Interviewing older relatives is an essential part of genealogical research. They can provide such a wealth of information that you will never find anywhere else. But what do you do if you can’t visit your relative in person?
Fortunately, we live in an increasingly connected world, and with a little help from technology and a touch of creativity, you can still get all the information you need.
Over the phone
The biggest advantage of using the phone is that unlike with newer forms of technology, most elderly people have access to a phone, know how to operate it perfectly well, and probably use it on a regular basis.
The disadvantage is that there is no visual component to a phone conversation. That means that you can’t show them photographs or documents or ask questions about those things, and they can’t show anything to you, either. This may also prove a challenge if your family member is hard of hearing.
One way around the first issue is to exchange visual information ahead of the phone interview, either by sending photocopies in the mail or by using any digital technologies they may be comfortable with.
Some tips for making the most out of your phone interview:
- Make the call from a quiet room where you won’t be distracted.
- Have everything you need right in front of you before making the call. Set yourself up at a desk with a computer and/or paper and writing utensils, a glass of water, and any photographs or documents you might want to consult during the conversation.
- Print out our list of interview questions or prepare your own.
- Set up the interview at a time when your relative will be alert and well-rested, and listen for long pauses or tiredness in their voice — anything that can indicate that it may be time to wrap up and take a rest. You can always call back another time.
Video chat is as close as you can get to being in the same room with your relative. The biggest challenge is making sure your relative is technically able to participate, because many older people struggle to use video chat technology.
If your relative doesn’t have a device with a camera, consider purchasing one for them and having someone you know who lives nearby install it and/or show your relative how to use it. Keep in mind that your relative still may not be able to operate it on their own, and you may require the help of someone on the other end when using the device.
Which device should you purchase for your relative? That depends on how tech-savvy they are. If your relative has a very hard time with digital devices, there are special devices developed specifically for people like them, such as the ViewClix Smart Frame (a picture frame that can receive video calls from any device with the ViewClix app installed) or the GrandPad (a simple tablet designed for seniors).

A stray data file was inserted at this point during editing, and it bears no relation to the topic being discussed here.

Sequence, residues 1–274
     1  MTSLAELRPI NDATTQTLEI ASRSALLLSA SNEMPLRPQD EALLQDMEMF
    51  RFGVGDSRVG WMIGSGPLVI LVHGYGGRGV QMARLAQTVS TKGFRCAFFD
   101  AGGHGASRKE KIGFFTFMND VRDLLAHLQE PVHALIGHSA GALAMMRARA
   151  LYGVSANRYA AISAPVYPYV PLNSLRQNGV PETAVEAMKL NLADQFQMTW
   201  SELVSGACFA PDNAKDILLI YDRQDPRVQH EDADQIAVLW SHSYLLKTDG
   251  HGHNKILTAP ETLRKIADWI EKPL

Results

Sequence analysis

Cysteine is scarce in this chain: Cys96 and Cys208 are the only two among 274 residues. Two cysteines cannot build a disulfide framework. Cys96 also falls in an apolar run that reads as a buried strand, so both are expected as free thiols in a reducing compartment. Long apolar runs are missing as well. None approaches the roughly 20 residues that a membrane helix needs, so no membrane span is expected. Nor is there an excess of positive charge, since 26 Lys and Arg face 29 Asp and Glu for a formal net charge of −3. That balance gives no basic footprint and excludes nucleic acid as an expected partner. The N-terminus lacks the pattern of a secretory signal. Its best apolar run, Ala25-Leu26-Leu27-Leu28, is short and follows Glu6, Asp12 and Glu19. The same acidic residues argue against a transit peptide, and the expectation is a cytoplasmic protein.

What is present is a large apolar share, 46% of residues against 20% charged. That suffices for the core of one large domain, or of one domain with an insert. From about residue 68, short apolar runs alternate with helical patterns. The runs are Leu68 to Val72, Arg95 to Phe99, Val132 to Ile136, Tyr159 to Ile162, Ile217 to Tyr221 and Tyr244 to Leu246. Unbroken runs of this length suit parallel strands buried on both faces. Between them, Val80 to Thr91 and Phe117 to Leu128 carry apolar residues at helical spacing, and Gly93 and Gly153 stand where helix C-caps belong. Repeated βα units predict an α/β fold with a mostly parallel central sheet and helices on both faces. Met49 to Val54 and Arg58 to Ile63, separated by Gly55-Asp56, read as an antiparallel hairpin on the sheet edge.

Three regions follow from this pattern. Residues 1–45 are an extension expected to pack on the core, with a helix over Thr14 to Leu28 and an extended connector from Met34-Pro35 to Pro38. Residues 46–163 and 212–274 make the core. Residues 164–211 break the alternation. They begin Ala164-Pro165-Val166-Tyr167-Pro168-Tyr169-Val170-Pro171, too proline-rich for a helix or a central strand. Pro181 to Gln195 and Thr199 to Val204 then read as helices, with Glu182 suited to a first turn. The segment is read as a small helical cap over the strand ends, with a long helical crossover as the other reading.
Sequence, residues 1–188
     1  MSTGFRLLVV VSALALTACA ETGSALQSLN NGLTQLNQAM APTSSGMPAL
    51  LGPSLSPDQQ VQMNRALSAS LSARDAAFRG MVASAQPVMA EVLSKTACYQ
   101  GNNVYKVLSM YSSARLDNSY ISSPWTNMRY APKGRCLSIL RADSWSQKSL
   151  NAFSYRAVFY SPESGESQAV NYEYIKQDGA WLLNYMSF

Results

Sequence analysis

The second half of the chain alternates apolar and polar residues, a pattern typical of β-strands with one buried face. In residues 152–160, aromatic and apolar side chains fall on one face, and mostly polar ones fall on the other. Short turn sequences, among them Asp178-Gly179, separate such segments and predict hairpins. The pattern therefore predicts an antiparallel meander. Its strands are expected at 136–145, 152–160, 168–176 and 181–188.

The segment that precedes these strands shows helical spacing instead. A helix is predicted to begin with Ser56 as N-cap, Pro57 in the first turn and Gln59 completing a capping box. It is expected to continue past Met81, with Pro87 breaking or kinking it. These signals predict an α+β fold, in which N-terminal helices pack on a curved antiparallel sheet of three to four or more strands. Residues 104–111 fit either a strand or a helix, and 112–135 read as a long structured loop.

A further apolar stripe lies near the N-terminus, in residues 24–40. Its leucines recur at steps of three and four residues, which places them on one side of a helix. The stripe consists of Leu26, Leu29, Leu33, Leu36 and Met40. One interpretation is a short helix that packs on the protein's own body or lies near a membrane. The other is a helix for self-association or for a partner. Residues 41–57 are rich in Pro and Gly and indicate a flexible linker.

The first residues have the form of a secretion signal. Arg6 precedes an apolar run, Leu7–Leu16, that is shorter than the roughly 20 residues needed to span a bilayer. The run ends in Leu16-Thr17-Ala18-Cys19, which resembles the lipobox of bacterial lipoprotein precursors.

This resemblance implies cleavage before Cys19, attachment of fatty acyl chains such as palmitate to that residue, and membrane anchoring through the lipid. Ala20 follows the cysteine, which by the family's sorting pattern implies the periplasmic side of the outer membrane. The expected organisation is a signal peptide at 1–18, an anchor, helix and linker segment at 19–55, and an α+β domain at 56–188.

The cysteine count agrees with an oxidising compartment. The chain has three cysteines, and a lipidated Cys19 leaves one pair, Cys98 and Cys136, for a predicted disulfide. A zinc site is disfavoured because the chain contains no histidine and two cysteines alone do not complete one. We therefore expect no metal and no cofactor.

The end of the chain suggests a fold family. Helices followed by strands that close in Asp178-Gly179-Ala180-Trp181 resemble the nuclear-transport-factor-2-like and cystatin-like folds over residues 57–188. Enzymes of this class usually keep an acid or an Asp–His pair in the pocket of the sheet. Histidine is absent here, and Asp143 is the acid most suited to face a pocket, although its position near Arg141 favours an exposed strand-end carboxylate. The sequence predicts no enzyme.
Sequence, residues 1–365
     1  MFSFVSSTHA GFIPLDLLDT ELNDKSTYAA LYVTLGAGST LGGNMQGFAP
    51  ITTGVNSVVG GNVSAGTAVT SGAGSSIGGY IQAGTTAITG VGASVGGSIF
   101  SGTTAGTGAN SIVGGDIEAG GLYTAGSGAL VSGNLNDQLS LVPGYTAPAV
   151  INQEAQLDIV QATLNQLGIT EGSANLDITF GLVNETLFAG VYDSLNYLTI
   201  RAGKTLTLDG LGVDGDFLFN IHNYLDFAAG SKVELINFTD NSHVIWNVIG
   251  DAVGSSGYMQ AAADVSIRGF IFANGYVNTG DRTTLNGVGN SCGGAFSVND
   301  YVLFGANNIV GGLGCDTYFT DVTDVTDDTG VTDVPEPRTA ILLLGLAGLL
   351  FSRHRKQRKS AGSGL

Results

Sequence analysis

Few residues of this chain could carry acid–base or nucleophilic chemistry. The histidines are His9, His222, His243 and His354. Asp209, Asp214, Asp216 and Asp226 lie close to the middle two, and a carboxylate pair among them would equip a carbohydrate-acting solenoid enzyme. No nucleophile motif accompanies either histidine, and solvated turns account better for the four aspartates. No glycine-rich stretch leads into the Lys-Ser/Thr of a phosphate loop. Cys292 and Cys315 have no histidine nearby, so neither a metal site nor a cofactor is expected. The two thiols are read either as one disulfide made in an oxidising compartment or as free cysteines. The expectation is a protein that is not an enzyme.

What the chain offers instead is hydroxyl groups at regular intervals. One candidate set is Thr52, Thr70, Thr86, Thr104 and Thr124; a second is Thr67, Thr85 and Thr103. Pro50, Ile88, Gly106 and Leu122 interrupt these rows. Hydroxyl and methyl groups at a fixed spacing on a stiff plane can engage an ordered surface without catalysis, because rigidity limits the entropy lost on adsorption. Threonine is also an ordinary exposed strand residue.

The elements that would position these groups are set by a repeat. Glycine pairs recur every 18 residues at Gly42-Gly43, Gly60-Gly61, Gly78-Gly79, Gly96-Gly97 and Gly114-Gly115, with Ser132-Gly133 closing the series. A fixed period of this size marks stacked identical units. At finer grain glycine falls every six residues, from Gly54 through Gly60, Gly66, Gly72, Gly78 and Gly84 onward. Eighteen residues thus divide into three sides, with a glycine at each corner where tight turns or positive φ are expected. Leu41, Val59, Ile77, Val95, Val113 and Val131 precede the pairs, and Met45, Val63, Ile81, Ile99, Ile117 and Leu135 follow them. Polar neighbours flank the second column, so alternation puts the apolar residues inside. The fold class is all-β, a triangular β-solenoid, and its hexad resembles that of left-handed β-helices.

Some tips for making the most of your video chat interview:
- Set up your webcam or device in a well-lit, quiet room where you won’t be disturbed. Do a test run with your camera first to find the best spot and angle in the room — one where you’re not backlit and your relative will be able to see your face clearly.
- Make sure you have a high-quality microphone, especially if your relative is hard of hearing. Keep in mind that audio output of digital devices is lower-quality than that of landlines. Be patient if your relative has trouble hearing you — and consider calling on the phone in addition to the video chat for better sound quality.
- As mentioned, if your relative struggles with technology, it’s a good idea to have a more tech-savvy individual with them during the interview to help with any technical issues they may encounter.
- If you wish to show your relative photos or documents you have, make sure to hold them still to give as clear a visual as possible. Another option is to send a digital copy over chat, but they might not know how to view it.
Mail and email correspondence
In lieu of the possibility of a live interview, there is always the old-fashioned option: an interview in writing.
There are a few advantages to an interview in writing: it gives your relative time to think out their answers, and it gives you a concrete record of the information they convey to you. It’s also a more practical solution for interviewing relatives who are hard of hearing.
Some older relatives may be comfortable typing out their answers and sending it over email, while some might prefer to send it in the mail. If your relative doesn’t feel up to typing or writing out the answers to your questions, an in-between option is to have them record themselves and send you the recording. They can use a simple digital recording device, such as an MP3 player, or an old tape recorder, which you can digitize later. If there is someone nearby who can help set them up with a video camera — even better.
Some tips for getting the most out of a mailed or emailed correspondence:
- Limit your initial letter to no more than 10 questions. More than that may overwhelm your relative. You can always write back with more questions later.
- Be sure to provide your relative with all your contact information. You may even consider sending along a self-addressed, stamped envelope to make it easier for them to send their reply.
- Include copies of photographs or other documents in your initial letter to help jog your relative’s memory.
Source: My Heritage